There is physical evidence of ramps in the form of ramp remains.  What physical evidence do you have of actual geysers?

cladking said:

If I really understand the PT then it's irrelevant when they were written because they still
say the pyramids were built with geysers.  Sure it's heads I win tails you lose but this is the
the evidence that was left for us.

It's not irrelevant at all.  Let us assume for discussions sake that earlier versions existed and were written about 3000 BCE.  They would not be referring to the pyramids in any way since they  would have been written hundreds of years before the first pyramid was built.  

It is your understanding of the PT but you have yet to prove that your understanding is correct.  Until such time, if ever, that it is proved correct,  making a statement of fact that the pyramids were built with geysers is little more than wishful thinking.

AA LOGIC
They didn't use thousands of workers - oops forgot about the work camps
There's no evidence for ramps - You found one?...Bummer
Well we know they didn't use ancient tools to cut and shape the stones - Chisel marks?  Craps
I still say aliens built them!

#658    Quaentum

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Posted 21 February 2013 - 09:44 PM

View Postcladking, on 21 February 2013 - 04:33 PM, said:

The water was caught at the top of its trajectory at 81' 3".

It was then collected in large counterweights and when these fell over the side they lifted a load of stone on the other side to which they were attached.

Two problems with your counterweights:

1 - The geyser is next to the pyramid and shoots straight up.  The counterweight sits on the level the stones are to be raised to.  In the beginning the water could be caught in a counterweight.   However, as the pyramid rises, each succeeding level moves towards the center and gets farther from the base.  How does the water from the geyser get into the counterweight that is 25, 50 or 100+ ft from the base and the geyser?

2 - 18 tons of stone has just been lifted with the counterweight system.  How do the workers empty 18 tons (4300+ gallons) of water out of the counterweight so it can be used again?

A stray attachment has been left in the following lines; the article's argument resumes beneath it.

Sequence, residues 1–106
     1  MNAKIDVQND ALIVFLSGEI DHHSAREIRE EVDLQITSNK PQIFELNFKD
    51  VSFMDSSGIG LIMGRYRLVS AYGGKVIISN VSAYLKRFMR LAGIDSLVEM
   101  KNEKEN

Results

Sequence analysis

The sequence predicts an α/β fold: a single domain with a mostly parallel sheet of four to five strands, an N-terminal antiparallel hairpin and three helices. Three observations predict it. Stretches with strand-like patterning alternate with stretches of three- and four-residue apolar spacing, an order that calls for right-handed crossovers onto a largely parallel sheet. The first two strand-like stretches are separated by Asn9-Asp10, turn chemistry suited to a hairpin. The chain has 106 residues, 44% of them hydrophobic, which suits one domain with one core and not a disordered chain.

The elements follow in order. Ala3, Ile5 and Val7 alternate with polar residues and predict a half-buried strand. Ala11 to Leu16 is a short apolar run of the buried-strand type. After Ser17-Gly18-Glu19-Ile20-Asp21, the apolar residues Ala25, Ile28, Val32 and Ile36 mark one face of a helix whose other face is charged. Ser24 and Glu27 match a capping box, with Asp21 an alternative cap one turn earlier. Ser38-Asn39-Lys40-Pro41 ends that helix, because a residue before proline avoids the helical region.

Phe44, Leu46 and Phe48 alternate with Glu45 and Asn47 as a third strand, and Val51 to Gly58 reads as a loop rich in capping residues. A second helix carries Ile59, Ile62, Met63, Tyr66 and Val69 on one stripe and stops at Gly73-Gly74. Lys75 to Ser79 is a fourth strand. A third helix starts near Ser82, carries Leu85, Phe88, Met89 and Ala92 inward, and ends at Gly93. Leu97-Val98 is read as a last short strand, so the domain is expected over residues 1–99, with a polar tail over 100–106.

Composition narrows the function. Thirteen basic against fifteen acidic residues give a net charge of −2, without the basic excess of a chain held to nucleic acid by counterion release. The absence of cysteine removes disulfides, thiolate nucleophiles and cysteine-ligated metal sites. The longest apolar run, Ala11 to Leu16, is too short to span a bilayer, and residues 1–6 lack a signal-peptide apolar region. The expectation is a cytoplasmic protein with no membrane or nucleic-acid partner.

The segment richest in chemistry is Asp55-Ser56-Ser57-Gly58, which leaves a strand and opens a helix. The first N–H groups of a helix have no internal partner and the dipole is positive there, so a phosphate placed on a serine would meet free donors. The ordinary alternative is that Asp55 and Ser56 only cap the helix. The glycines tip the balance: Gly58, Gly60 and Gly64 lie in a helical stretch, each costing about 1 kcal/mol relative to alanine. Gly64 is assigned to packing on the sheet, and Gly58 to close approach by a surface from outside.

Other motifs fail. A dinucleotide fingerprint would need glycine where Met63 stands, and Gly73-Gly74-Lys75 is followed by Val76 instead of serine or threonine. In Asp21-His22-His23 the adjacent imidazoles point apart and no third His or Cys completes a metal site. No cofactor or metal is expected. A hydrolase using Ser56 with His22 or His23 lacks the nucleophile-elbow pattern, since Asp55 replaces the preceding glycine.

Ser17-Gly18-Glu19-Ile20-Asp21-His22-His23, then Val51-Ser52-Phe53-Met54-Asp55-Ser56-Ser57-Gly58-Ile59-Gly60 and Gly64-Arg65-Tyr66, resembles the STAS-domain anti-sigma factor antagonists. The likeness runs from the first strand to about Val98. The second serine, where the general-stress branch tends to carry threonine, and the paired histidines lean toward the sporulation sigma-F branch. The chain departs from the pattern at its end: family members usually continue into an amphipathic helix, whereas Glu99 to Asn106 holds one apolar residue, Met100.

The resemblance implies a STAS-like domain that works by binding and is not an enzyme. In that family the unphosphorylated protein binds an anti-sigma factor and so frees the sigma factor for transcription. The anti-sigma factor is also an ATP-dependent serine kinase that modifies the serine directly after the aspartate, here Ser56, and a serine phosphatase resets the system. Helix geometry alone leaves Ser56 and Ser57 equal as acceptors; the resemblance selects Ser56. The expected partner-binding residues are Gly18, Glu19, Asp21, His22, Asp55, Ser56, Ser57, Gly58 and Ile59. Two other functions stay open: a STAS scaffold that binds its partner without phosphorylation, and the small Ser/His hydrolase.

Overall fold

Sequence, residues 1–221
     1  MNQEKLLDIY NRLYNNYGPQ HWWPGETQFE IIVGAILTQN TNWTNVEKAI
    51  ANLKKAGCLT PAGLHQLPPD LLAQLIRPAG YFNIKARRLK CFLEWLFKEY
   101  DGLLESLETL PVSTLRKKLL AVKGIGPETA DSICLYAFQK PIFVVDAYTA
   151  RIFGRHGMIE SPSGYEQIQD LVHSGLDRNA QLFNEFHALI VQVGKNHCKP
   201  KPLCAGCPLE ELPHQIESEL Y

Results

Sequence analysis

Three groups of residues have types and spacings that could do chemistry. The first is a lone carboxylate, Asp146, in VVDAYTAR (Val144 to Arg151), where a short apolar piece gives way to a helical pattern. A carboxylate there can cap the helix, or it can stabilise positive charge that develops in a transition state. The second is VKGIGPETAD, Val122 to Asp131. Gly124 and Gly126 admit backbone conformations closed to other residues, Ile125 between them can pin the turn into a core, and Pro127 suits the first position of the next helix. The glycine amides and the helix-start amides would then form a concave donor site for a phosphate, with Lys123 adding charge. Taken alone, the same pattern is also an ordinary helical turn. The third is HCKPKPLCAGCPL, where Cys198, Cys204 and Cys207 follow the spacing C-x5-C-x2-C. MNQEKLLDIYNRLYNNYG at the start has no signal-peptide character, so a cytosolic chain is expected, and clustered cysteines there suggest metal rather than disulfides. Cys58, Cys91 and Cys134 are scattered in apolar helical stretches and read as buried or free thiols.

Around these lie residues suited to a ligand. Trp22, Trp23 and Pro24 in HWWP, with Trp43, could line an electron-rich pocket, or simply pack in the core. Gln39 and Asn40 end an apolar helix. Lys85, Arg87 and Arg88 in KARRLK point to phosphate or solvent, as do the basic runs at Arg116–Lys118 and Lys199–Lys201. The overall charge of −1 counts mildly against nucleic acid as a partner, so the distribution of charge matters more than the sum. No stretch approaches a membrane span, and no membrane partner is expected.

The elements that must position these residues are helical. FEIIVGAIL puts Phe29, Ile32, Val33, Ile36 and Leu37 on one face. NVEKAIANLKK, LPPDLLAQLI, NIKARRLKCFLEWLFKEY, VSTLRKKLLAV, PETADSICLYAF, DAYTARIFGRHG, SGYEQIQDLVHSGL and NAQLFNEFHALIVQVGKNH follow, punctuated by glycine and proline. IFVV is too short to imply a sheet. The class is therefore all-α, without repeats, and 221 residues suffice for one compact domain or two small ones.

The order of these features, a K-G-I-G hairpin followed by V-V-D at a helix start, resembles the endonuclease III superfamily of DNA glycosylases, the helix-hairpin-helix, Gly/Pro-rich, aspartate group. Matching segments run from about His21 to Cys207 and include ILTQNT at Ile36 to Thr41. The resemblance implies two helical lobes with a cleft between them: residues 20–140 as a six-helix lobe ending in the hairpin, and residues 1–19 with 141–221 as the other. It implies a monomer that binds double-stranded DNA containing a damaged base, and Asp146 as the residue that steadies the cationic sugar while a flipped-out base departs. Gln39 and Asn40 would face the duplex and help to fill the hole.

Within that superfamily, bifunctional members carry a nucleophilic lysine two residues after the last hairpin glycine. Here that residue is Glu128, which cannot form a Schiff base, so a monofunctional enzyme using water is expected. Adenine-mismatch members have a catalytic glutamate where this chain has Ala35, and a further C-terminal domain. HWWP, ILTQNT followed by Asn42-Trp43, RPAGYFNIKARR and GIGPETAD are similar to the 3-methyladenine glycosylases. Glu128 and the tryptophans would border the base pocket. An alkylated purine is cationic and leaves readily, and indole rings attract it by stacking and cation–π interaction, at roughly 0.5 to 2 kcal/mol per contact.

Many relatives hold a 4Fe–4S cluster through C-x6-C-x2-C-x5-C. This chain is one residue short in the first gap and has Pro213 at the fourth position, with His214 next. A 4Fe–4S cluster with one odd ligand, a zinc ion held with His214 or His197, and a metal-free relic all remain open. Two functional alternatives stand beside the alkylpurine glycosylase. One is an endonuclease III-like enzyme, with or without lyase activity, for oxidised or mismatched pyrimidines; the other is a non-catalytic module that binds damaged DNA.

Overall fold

AA LOGIC
They didn't use thousands of workers - oops forgot about the work camps
There's no evidence for ramps - You found one?...Bummer
Well we know they didn't use ancient tools to cut and shape the stones - Chisel marks?  Craps
I still say aliens built them!

#659    cladking

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Posted 21 February 2013 - 09:53 PM

View PostQuaentum, on 21 February 2013 - 09:32 PM, said:

There is physical evidence of ramps in the form of ramp remains.  What physical evidence do you have of actual geysers?

Posted Image

I just don't know understand how much evidence people need.  There is repotedly carbonated water under
the plateau and Temple says this is percolating.

Frankly I always figured if I got you a picture of a geyser you'd believe me.  Now I think if a geyser stood up
today on the plateau people would call it a remarkable coincidence.

Quote

It's not irrelevant at all.  Let us assume for discussions sake that earlier versions existed and were written about 3000 BCE.  They would not be referring to the pyramids in any way since they  would have been written hundreds of years before the first pyramid was built.

The PT aren't about pyramids.  They are about the rituals involved with getting him to heaven.    


Quote

It is your understanding of the PT but you have yet to prove that your understanding is correct.  Until such time, if ever, that it is proved correct,  making a statement of fact that the pyramids were built with geysers is little more than wishful thinking.

I don't care how the pyramids were built.  I merely want to know how they were and it seems